Don’t Want No Scrubs: Why TLC Are Still Relevant

Sex, empowerment, safe sex, great tunes and sex.

It’s been 22 years since three young, black women from Atlanta, Georgia first told us that it was okay to ask for sex. Yup, a whole 22 years since Left-Eye, T-Boz and Chilli weren’t 2 proud 2 beg. They burst on to the scene with nothing but coloured overalls, the odd condom accessory and a shit-tonne of attitude. They were, and are, TLC.

To date, only the Spice Girls have sold more records among girl groups. With four albums in the space of a decade, they became the best-selling American girl group of all time: bigger than Destiny’s Child, bigger than Salt-N-Pepa, bigger than the Pussycat Dolls, bigger than The Supremes, bigger than Wild Orchid (shocker). But what was it about the trio of angry 20-somethings that has us still talking about them four albums down the track?

Chasing Waterfalls

Like most girl or boy bands, TLC were a manufactured creation, formed around the talents of the first members, Lisa ‘Left-Eye’ Lopes and Tionne ‘T-Boz’ Watkins. Once Rozanda ‘Chilli’ Thomas was added to the mix, the girls began working with some of Mariah Carey’s top producers: Babyface, L.A. Reid and Jermaine Dupri. When they debuted with ‘Ain’t 2 Proud 2 Beg’ — the lead single off their first album Ooooooohhh… On the TLC Tip (yes, that is the correct amount of Os) — it was obvious they wouldn’t be bringing your standard pop fare, a la Lisa Loeb. For one, they were singing about sex without selling it. There were no cute skirts or stiletto heels: they were dressed like Mary J. Blige and rocking that tomboy shtick.

They made it seem okay for girls in the nineties who wanted to wear baggy cargo pants and fly kicks. Their first big tour saw them open for MC Hammer and unlike Hammer, they couldn’t be touched.

I Got All My Sisters With Me

TLC were a sisterhood, but unlike most all-femme acts, they never pretended to ‘always’ get along. They had disagreements, like friends do, and aired them in the lyrics of their songs. Yet ultimately they stuck together, united in their fight against scrubs, ballers and skeezes trying to creep on them at every opportunity. They never made you feel ashamed about ‘friendzoning’ somebody and spoke out about men that had done them dirty – aggressively so. They weren’t the kind of women who wrote a weepy love song about heartbreak. The same way Alanis Morissette thrashed her passion and anger and rejection into her best tracks, TLC added a thudding bass and cutting lines on tracks like Silly Ho (“I can run a scam before he can, better than a man”), Girl Talk (“Some of y’all be killin me, thinkin’ you got powers like Austin but you’re more like Mini-Me”) and So So Dumb (“You’re knockin’ at my door, I should get my gun and gun you to the floor”) were testament to that.

Their private life was public. Bankruptcy, alcoholism, domestic violence and chronic illness all made them tabloid fodder and they didn’t shy away from it. When Left-Eye accused her then-partner of assaulting her, she went a step further and burned their house down. As she rapped in Over Me from their album 3D: “When the house burnt down I took the blame, when the money got funny I took it to court when most of ya’ll chicks wouldn’t have even fought it”. Unlike some of their peers – namely Destiny’s Child and Salt-N-Pepa – they kept God out of it. There was no space for soaring Gospel tracks on their LPs, heaven forbid it could replace a Rodney Jerkins hook. They were in their element talking about sex, the ghetto, sex, “doin it big” because “we pop stars”, sex, body insecurities, sex, break-ups and, er, you know, sex.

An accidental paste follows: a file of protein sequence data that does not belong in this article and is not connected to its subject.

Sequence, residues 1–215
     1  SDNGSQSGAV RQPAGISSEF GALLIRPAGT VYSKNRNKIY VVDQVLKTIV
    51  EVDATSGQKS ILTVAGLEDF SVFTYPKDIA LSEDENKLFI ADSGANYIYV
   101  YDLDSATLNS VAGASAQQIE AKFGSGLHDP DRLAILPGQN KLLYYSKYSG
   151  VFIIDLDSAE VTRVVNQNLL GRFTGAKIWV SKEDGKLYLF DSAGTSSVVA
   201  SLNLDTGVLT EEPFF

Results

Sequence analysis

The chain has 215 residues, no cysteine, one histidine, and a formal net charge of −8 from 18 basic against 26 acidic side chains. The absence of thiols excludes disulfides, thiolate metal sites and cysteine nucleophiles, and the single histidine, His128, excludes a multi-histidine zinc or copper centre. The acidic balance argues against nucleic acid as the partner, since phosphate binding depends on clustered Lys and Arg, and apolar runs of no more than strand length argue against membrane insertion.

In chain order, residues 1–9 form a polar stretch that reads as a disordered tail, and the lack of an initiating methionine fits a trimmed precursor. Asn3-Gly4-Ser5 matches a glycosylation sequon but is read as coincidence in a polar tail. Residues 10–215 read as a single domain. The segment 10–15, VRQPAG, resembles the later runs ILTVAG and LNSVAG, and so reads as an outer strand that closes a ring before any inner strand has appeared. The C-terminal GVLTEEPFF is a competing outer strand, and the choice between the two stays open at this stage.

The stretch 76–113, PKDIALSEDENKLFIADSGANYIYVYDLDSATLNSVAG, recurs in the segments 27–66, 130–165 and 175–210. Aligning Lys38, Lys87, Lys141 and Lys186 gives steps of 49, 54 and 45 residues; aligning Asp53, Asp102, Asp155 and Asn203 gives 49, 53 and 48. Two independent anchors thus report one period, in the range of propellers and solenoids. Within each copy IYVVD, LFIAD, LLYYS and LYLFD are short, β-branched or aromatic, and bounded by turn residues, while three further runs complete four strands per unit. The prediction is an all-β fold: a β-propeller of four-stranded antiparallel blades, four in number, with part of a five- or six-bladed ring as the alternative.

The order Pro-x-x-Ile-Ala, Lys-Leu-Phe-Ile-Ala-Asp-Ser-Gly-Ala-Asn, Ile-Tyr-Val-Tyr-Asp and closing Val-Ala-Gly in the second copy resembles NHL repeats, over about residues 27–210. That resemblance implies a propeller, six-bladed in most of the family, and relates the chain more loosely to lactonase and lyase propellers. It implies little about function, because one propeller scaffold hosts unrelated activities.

Crazy, Sexy Curtain Call

TLC were at their best when they were waxing lyrical about getting laid because they flipped gender norms on their head. Taking the approach of a testosterone-ladden rapper, they made it clear that it was a woman’s right to get hers and get gone (‘holla!’): to get pleasure from a sexual act and use men the same way men had used women for centuries. It was done with a sly knowingness, glorifying the physical act and undermining it at the same time with snide comments about sexual partners. From detailing “2 inches or a yard rock hard or if it’s sagging” to “when you finally get your blood flowin’, it be lookin’ like a pinky with a glove on it”: they got into the nitty gritty.

Essentially, the thing that drew people to TLC like a Kardashian to a Kanye was their fearlessness. They were bold beyond belief: whether they were spruiking safe sex by wearing a condom as an eye-patch or being fearless enough to rock co-ordinated outfits spelling out the band name to a major awards ceremony. Left-Eye’s tragic death in a 2002 car crash didn’t stop them from finishing an album, making a telemovie, releasing a new single and going on their first world tour in nearly a decade. They weren’t afraid to say they were worth more than a guy sitting on the passenger’s side of his best friend’s ride. They didn’t – and don’t – give a f*%$ about what people think of them and were courageous enough to stand by their convictions. That, in a nutshell, is why they’re still CrazySexyCool 22 years later.

Maria Lewis is an authority on film and pop culture. She tweets too often over at @MovieMazz and can be found at